For a long time, third-party cookies have been a topic to make some headlines in media. Third-party cookies raise questions about web privacy which is why people are disabling it. Safari and Chrome have already blocked third-party cookies. Google is the latest one to join them. Google has stated that by 2022, soon they are going to launch Google FloC and Chrome will no longer allow websites to use third-party cookies.
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Considering the huge market share of Chrome, this is got to be a big deal to them. Google wouldn’t want a limit on the web ad industry. Third-party cookies were being used to target the online ads to users based on their web activities. So, blocking them would make it really difficult for advertisers to track your web activities and show you targeted ads.
As we all know, Google is the biggest brand in online ads, which makes all its money. So, Google was working on something to replace third-party cookies. That’s where the term “FLoC” jumps in!
Google FLoC: A Federated Learning of Cohorts
You might be asking now what is FLoC? What does it do? and How it replaces third-party cookies? We have answers for you. Let’s dive in!
Google FLoC aims at replacing the anti-privacy third-party cookies. So, what it actually does – it is a web technology that will be used for browsers to enable interest-based advertising. It works as gathering data about a user’s browsing activity and then clustering groups of similar interest users into cohorts using Federated Learning (An algorithm). FLoC actually scans the recent browsing history which is available on your device.
So, how it really protects your privacy? It protects your privacy much like how Apple does by creating a group of similar interest people and targeting ads based on that. Google says FLoC will allow advertisers to show you a relevant ad without knowing your actual identity. You will belong to a large group of users who share a similar interest that potentially hides your identity as an individual from the advertising companies.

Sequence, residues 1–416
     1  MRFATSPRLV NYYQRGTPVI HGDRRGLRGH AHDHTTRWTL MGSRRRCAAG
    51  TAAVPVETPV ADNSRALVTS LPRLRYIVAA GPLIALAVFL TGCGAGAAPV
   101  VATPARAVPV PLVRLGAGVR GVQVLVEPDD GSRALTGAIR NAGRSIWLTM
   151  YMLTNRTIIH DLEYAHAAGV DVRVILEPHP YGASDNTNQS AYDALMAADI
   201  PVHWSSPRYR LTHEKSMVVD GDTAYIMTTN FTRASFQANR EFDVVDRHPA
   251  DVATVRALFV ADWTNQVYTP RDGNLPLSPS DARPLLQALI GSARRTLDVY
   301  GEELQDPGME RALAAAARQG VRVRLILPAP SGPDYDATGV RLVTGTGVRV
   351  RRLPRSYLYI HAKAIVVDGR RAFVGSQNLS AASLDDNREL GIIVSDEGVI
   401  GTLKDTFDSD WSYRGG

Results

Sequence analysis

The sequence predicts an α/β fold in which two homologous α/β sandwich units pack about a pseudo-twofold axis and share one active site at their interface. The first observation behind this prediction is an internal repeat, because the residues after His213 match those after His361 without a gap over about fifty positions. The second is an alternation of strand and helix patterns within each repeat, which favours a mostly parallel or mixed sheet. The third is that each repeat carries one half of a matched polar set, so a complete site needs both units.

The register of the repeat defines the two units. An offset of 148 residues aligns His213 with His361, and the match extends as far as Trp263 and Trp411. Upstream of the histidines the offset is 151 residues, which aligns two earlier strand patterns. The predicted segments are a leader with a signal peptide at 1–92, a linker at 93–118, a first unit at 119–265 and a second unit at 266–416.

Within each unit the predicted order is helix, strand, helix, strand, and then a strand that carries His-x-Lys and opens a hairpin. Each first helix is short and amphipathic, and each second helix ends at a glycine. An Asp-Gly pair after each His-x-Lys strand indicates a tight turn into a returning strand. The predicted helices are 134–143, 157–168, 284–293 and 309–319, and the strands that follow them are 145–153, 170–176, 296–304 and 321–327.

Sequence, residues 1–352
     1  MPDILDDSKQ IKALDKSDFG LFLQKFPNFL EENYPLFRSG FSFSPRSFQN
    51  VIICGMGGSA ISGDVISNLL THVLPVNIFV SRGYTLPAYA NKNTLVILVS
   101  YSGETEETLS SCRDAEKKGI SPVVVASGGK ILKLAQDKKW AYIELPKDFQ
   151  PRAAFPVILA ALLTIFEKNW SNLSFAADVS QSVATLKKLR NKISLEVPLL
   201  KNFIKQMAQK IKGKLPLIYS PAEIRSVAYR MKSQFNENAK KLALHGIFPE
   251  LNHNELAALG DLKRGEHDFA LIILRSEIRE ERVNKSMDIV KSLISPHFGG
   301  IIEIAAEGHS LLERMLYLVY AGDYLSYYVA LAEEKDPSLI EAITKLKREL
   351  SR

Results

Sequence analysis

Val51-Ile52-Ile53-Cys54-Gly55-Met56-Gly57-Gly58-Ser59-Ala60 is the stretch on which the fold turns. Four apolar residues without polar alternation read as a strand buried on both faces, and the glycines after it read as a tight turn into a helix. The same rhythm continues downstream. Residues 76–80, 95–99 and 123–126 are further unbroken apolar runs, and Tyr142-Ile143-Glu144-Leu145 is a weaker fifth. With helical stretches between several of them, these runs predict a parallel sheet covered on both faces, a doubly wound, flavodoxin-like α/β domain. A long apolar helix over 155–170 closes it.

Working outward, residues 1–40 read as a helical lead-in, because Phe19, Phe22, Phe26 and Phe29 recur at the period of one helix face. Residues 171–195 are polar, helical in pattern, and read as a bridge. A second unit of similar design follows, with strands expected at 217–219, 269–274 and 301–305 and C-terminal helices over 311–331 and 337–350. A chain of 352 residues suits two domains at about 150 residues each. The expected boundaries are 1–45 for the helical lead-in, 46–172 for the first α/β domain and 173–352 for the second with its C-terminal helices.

How FloC Will Work?
FloC will only scan your browsing history locally on your browser. Your browsing history won’t be shared with anyone. You are just a number like user345 (whatever number) belongs to cohort4529 (whatever number) and then that cohort4529 will be passed to the interested advertiser who requests it to show you a potential targeted ad. And the ad will be shown to you if cohort4529’s interest matches the type of that targeted ad.
So, it sounds reasonably private compared to what third-party cookies did in the past. Let’s take a closer look at how private it would be. Google says a new cohort won’t be created unless there are thousands of users that share a particular interest.
There is a shaky part of this technology as well. If you come across a website to search for something and you belonged to a particular cohort. Then the website which you just visited requests the data of the cohort from your browser using FLoC you wouldn’t know it when it requested that.
Any website can request that data and you wouldn’t know how many cohorts you belong to. And this isn’t limited to just users but it has some insecurity to the ad industries as well. Whether FLoC will help them in growing their ongoing business or slow it down. They don’t know it. FLoC isn’t very understood yet and it has its uncertainties.
FloC On Sensitive Topics
When it comes to sensitive topics, you might be thinking FLoC is gonna put you into a cohort of such topics and show you ads relevant to that on the web. Google has already put some thoughts into it. FLoC wouldn’t create any cohorts on any sensitive topics so you wouldn’t need to worry about that.
FLoC is already been used on a trial which is named “Origin trial” to show how FLoC works. FLoC will roll out to Chrome only, soon in the future. Some more testing will be coming later for Chrome users.
So, where does Google FLoC takes us? The answer is obvious. Our data was being collected before and it will be collected. The approach would be different. It will put a mask on our faces at least but the result would be the same. Let’s see if it works as it is proposed to lead the web to a safer place and doesn’t put any damage to the web.
Privacy Sandbox of Google is for the cookie-less future and its main purpose to keep the identity of the user hidden.
Yes, by using third-party cookies, anyone can track your location and other data as well.
No, third party cookies are not safe. You should block cookies if any website ask for it.